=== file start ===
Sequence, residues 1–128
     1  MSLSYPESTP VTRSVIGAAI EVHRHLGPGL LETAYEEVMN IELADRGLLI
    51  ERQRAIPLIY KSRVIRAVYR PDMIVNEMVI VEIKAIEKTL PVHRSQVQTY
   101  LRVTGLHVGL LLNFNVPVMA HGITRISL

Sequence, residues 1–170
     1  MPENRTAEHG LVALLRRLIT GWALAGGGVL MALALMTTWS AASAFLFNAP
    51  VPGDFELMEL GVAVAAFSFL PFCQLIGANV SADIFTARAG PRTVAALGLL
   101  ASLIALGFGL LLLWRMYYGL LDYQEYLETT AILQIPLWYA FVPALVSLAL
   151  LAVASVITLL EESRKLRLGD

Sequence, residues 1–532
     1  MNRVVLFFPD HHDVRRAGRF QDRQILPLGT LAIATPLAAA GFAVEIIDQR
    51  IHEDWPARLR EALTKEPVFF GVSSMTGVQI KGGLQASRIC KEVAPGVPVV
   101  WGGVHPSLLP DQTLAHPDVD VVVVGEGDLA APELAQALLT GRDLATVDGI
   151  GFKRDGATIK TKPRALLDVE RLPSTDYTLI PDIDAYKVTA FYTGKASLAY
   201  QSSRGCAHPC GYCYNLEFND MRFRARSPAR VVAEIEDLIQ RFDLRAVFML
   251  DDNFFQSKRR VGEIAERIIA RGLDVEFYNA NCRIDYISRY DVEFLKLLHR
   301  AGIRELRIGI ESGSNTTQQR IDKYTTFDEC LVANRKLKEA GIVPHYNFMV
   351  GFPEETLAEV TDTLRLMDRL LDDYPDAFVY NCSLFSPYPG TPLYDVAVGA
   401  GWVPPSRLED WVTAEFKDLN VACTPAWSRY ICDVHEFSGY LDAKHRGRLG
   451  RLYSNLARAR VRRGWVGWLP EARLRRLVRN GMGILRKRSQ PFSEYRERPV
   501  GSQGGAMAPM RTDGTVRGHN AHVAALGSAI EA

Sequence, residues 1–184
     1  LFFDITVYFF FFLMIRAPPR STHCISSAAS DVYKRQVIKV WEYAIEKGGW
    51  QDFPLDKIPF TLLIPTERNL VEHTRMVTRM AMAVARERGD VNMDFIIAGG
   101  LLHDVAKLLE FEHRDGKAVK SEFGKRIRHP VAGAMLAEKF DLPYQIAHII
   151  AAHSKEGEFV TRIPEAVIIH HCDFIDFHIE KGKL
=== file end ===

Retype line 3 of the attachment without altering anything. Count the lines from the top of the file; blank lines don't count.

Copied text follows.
    51  ERQRAIPLIY KSRVIRAVYR PDMIVNEMVI VEIKAIEKTL PVHRSQVQTY